>> better. Best suggestions to date have been based off Mars.
    >> I am not far from having the first draft of this article done. If any
    >> are interested in reviewing the draft, send me a note.
    >> Keith Henson
    >> **********
    >> Evolutionary Psychology, Memes, The Origin of War, Empowering Women
    >> (Tentative title)
    >> By H. Keith Henson
    >> Our ancestors always lived close to their ecological limit, an
    >> unstable upper bound for how many hominids (or lions or tigers or
    >> bears) an environment can support. When reproduction pushes
    >> populations over the limit or the limit fluctuates down because
    >> conditions vary, part of the population will die, typically by
    >> starvation. Humans have evolved a psychological response to looming
    >> starvation; a mechanism that induced tribes to make war on nearby
    >> tribes. The psychological response increases the circulation of
    >> xenophobic memes among groups facing privation. Xenophobic memes
    >> break down the normal reluctance of humans to attacking other humans
    >> and synchronize warriors of one tribe to attack another. Genes
    >> inducing suicidal behavior in the (male) members of a weak tribe
    >> attacking a strong tribe had a selective advantage because the losing
    >> tribe's young females (carriers of those genes) were usually
    >> incorporated into the winning tribe. From a gene's perspective this
    >> was better than starvation. In war situations self-preserving
    >> (rational) behavior has not been favored by selection. I.e., "stupid"
    >> decisions should be expected.
    >> Being attacked turns on a related psychological response, rapidly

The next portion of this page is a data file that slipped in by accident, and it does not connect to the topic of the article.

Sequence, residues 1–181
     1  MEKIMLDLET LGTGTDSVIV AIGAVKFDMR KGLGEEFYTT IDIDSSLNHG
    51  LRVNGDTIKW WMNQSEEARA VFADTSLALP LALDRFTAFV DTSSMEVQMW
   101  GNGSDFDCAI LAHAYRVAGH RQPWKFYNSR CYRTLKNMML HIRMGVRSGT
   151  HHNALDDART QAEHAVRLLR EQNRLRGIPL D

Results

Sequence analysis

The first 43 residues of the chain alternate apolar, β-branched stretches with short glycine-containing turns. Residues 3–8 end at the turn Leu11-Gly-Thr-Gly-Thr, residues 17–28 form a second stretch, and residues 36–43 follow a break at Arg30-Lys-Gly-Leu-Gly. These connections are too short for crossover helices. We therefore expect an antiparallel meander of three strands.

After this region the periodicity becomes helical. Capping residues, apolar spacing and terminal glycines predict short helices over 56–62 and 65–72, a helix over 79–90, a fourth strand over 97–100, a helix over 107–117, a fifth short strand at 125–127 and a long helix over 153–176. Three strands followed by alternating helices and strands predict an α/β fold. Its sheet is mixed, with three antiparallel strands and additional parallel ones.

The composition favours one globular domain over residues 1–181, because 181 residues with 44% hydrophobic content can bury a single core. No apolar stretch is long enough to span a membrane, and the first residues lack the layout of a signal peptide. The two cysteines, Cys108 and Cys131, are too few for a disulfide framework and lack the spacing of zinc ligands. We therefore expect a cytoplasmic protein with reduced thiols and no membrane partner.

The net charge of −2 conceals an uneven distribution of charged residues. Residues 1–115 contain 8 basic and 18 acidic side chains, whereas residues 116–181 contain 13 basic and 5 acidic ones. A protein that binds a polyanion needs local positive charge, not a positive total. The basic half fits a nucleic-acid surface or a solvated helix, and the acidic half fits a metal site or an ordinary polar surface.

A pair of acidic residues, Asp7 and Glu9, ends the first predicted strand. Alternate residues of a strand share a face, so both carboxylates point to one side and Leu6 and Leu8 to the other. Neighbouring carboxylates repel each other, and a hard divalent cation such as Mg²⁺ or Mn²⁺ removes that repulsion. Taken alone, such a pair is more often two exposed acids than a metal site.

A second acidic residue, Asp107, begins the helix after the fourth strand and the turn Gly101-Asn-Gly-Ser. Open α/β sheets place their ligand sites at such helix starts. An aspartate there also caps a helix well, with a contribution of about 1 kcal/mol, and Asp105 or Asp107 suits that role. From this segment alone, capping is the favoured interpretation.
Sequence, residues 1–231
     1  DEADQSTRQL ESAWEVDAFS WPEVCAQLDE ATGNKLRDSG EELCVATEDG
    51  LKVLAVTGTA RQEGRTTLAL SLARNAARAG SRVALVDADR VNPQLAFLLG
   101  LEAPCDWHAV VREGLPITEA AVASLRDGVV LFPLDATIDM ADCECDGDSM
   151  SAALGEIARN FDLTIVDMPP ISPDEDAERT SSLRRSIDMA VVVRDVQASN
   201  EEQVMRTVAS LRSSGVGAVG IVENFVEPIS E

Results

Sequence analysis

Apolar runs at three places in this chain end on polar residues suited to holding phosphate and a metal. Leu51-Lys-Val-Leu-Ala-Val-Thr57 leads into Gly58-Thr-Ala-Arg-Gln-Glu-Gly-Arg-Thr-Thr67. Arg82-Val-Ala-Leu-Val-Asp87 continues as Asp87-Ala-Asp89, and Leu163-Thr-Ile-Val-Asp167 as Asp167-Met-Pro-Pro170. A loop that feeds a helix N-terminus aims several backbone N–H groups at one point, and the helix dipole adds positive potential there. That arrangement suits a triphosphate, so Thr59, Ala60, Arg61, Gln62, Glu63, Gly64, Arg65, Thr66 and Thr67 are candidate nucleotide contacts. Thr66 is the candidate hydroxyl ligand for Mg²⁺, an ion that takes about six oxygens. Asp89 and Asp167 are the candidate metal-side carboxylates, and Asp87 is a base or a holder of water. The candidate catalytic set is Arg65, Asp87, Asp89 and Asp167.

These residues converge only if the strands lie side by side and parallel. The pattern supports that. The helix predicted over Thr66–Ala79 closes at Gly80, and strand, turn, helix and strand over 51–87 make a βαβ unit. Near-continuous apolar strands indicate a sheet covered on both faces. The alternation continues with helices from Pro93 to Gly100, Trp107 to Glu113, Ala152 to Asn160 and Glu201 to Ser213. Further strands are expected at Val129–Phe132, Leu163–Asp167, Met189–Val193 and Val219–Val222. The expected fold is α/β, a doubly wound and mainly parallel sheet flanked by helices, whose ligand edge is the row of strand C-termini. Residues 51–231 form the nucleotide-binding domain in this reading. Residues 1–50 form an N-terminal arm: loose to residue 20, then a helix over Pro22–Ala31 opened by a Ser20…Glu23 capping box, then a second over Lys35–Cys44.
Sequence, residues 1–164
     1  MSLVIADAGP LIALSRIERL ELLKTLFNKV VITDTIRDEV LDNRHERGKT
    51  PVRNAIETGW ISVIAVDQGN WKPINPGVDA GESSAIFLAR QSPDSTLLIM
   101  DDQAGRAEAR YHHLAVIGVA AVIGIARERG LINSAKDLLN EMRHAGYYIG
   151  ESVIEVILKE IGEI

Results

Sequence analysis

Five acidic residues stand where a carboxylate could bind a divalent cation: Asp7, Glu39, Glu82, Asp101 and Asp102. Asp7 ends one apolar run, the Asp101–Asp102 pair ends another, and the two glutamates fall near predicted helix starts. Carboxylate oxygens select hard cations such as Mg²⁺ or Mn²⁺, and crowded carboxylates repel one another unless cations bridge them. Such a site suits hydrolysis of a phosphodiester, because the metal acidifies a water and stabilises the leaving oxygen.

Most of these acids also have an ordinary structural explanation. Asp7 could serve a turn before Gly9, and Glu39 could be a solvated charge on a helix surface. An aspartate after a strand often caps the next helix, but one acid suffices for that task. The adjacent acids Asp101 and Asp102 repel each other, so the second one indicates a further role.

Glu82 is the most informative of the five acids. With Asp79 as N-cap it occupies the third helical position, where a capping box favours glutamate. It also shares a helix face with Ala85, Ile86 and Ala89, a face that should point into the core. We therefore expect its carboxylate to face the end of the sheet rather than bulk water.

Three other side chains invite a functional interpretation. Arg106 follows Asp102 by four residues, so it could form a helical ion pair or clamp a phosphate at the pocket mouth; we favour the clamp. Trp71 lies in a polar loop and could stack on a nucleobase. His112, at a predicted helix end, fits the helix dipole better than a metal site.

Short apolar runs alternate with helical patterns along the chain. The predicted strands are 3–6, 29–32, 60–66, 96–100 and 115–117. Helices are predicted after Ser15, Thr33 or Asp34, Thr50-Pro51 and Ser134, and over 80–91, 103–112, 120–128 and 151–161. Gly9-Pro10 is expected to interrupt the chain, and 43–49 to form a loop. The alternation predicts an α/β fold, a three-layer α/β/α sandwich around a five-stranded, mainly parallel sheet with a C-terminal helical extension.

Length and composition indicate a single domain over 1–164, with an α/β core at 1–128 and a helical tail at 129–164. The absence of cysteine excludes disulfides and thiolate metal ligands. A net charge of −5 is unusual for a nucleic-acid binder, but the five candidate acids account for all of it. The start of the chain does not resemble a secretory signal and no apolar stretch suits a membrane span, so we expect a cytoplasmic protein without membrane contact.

>> inducing xenophobia and a fighting response even in groups not facing
    >> starvation.
    >> With appropriate mapping (looming starvation/privation into expected
    >> or actual declining income per capita) this evolved psychological
    >> mechanism accounts for the origin of most (if not all) historical
    >> wars. While war was adaptive for hunter-gatherer level societies, war
    >> is poorly adapted for human societies above that level.
    >> Inherent in this model is a prescription for avoiding wars: keep
    >> income per capita rising or at least not falling for *all* human
    >> groups. Population growth itself does not lead to wars, but
    >> population growth in excess of economic growth does. Empowering women
    >> to limit births to a level below economic growth appears to be a key
    >> to avoiding wars or ending long running conflicts.
    >> ===============================================================
    >> This was distributed via the memetics list associated with the
    >> Journal of Memetics - Evolutionary Models of Information Transmission
    >> For information about the journal and the list (e.g. unsubscribing)
    >> see:

      Chris Taylor (
      MIAPE Project --
    This was distributed via the memetics list associated with the
    Journal of Memetics - Evolutionary Models of Information Transmission
    For information about the journal and the list (e.g. unsubscribing)